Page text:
An Ohio state lawmaker — who represents a district less than 30 miles from Dayton, Ohio, the scene of a deadly mass shooting over the weekend — blamed a slew of people and incidents for the uptick in gun massacres in the U.S., including Democrats, gay marriage and “drag queen advocates.”
In a since-deleted Facebook post on Sunday, Keller said the blame for mass shootings “belongs” on staple social and policy issues championed by the left, like gay marriage, recreational marijuana legalization, Black Lives Matter and protests of the national anthem. Several local outlets, like the Dayton Daily News and Ohio Public Radio were first to report on the social media post.
Keller has not denied she made the Facebook post. The Ohio Republican confirmed to the Dayton Daily News that screenshots of the post that were circulating on social media “sounded like” what she had posted on her personal Facebook page, but she couldn’t be sure if the text had been altered, in the Daily News’ words.
Keller did not immediately return TPM’s requests for comment.
Candice Keller is a Republican state representative from the Dayton area – this was published on her Facebook page, as reported by https://t.co/fvuPliWRL5: https://t.co/KOznWDXTZE pic.twitter.com/VDbpcAx9Xs
— Karen Kasler (@karenkasler) August 4, 2019
On Sunday, nine people were killed in 30 seconds when a shooter opened fire in the Oregon District of Dayton at 1 a.m. Police fatally shot the gunman, who authorities have identified as 24-year-old Connor Betts.
The gunman used a .223-caliber high capacity rifle with 100-round drum magazines. He wore a mask, bulletproof vest and equipment to protect his ears. According to police, the gun was purchased in Texas online and transported to a local gun shop in Dayton.
It’s not the first time Rep. Keller has been derisive in the aftermath of a mass shooting, according to Butler County Democratic Party Chairman Brian Hester, who told TPM the state lawmaker has a “habit” of putting her Facebook account on the private setting when she “gets in trouble.” Hester said it’s possible Facebook might have taken down the post after Democrats in the area reported it.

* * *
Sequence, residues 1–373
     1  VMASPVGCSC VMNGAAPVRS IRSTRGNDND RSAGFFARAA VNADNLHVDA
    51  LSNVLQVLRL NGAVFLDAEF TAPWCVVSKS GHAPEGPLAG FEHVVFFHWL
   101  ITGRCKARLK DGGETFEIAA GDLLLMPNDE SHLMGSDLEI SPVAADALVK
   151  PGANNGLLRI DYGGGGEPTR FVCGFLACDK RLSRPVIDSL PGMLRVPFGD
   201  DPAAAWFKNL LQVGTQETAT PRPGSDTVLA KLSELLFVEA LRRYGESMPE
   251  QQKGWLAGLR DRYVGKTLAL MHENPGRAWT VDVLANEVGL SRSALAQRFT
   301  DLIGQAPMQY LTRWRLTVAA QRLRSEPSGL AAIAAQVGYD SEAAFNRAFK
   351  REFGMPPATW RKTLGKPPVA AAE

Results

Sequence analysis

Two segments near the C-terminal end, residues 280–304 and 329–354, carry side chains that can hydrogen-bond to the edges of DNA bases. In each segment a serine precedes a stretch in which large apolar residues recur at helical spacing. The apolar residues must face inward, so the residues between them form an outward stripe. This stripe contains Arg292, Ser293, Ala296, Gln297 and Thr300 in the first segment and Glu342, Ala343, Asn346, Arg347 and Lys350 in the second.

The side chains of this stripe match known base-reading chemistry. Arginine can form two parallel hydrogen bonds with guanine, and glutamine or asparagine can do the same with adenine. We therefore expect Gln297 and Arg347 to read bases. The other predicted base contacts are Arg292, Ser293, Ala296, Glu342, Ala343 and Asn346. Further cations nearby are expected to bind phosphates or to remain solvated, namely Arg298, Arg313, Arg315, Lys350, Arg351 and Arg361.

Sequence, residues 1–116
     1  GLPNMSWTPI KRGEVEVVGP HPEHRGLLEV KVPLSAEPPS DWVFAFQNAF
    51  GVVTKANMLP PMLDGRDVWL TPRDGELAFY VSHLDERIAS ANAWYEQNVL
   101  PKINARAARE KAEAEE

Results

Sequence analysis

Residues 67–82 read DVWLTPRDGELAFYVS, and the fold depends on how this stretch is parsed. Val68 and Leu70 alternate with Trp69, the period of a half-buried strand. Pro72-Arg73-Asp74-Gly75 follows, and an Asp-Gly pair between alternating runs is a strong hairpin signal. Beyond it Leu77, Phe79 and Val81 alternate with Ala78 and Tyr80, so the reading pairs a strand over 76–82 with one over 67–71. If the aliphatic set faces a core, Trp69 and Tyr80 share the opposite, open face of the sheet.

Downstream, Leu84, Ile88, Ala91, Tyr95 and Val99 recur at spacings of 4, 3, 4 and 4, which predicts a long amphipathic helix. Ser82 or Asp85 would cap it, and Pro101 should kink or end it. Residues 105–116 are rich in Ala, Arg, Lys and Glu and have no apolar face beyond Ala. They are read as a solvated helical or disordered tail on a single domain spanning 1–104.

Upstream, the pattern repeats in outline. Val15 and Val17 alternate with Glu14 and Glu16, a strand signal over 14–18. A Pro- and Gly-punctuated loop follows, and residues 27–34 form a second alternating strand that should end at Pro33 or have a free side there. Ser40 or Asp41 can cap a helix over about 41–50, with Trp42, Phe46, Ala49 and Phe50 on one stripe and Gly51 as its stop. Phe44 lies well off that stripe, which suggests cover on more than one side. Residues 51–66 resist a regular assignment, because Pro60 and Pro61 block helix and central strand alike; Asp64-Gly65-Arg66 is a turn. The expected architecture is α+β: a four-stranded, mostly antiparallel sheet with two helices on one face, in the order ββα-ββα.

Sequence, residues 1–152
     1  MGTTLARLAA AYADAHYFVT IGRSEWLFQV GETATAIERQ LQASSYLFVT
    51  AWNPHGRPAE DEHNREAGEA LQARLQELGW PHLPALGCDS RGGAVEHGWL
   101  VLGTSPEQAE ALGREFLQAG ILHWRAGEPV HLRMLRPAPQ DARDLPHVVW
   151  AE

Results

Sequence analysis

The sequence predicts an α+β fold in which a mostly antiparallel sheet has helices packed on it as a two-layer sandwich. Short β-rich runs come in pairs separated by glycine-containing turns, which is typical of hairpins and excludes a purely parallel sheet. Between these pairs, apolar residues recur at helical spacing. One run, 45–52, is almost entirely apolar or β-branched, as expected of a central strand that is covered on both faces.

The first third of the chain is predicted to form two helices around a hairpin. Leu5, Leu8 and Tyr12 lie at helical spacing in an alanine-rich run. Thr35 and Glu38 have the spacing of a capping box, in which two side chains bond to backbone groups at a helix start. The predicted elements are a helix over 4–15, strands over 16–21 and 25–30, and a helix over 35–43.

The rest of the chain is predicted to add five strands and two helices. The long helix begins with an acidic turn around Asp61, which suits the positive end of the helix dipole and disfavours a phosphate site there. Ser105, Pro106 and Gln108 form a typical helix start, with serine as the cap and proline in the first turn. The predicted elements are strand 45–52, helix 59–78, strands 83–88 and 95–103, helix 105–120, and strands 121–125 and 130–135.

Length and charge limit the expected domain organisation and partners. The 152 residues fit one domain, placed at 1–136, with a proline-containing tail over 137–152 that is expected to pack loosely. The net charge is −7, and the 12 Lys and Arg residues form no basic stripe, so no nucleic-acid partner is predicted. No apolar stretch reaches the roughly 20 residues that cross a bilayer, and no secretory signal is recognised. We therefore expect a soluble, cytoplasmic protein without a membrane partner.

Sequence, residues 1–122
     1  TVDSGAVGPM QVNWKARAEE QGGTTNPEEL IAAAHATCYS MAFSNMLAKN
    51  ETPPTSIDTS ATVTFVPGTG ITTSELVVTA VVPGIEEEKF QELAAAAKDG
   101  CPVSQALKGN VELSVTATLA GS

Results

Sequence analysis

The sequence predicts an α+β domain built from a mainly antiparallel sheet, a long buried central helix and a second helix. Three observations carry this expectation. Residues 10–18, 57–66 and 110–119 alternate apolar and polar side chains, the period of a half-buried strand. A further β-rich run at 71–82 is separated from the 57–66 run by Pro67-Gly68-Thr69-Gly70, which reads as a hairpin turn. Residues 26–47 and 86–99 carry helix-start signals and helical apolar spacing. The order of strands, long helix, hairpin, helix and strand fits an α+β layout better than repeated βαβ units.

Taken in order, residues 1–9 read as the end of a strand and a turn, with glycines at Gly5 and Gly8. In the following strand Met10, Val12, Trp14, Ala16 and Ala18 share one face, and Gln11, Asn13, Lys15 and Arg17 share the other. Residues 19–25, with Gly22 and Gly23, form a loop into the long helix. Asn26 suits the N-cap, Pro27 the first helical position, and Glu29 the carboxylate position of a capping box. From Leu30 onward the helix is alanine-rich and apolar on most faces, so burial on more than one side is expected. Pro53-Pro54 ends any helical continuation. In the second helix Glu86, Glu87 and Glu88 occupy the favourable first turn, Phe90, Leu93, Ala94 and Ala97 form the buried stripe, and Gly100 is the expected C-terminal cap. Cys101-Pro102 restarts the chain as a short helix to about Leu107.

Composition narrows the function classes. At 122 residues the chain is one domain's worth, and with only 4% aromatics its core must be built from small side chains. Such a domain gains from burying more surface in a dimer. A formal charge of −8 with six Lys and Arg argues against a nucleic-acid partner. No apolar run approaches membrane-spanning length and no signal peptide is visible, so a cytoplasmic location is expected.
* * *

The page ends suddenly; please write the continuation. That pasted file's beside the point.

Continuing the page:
After the Valentine’s Day massacre at Parkland High School in 2018, which sparked a swell of gun control activism among teenagers around the United States, Keller mocked the Parkland student survivors who organized a national protest in support of gun control legislation. During a rally lobbying against gun control legislation in Ohio, Keller argued that the teen activists shouldn’t be taken seriously because they were “eating Doritos and playing video games” before the attack. (Other national conservativs figures also seized on this rhetoric of attacking the teens at the time — from Fox News’ Laura Ingraham to President Trump’s eldest son, Donald Trump Jr.)
“A month ago, we weren’t really having this conversation, and all of a sudden a 15-year-old on television who would just as soon be eating Doritos and playing video games wants to tell me that my constitution needs to be changed. Really?” Keller said during the March 2018 rally. “I was born with the right to carry.”
Keller has been controversial in the past. She’s labeled Planned Parenthood “Nazis”; advocated against the removal of a Confederate memorials; and once gave an interview to a white nationalist online radio show, later claiming she was unaware of the host’s views until after her appearance.
Hester called Keller’s post a parroting of Trump’s “greatest hits” and said she’s a figure who has come to be “symbolic” of what happens when Republicans let Trump’s racist remarks and tweets go unchecked.
“I’m not surprised she posted this,” he told TPM Monday. “She is what happens when Republicans don’t speak out on Trump. If you read everything she said on that comment, it’s like Trump’s greatest hits. She goes after NFL athletes, she tries to go after the squad calling them anti-Semitic. All of it has absolutely nothing to do with the shooting.”
“I would remind people about the Pulse Nightclub shooting. She’s essentially blaming the victims — that the people being targeted in these shootings are somehow the reason they’re occurring, and it is appalling,” he continued. “This is what happens when the Republican Party doesn’t speak out on the rhetoric being used by Trump.”
The chair of the local Republican group appeared to softly call out Keller, or anyone who tries to “politicize” the Dayton shooting, in a statement to TPM on Monday.
“We are recognizing this is a time for prayer and reflections. Some want to politicize these events, I don’t condone or support any such comment or behavior,” Butler County Republican Party chair Todd Hall told TPM.
The chair of the Ohio Republican Party, meanwhile, called on Keller to resign.
“Our nation is reeling from these senseless acts of violence and public servants should be working to bring our communities together, not promoting divisiveness. I’m calling on Candice Keller to resign,” Jane Murphy Timken said in a statement to The Hill.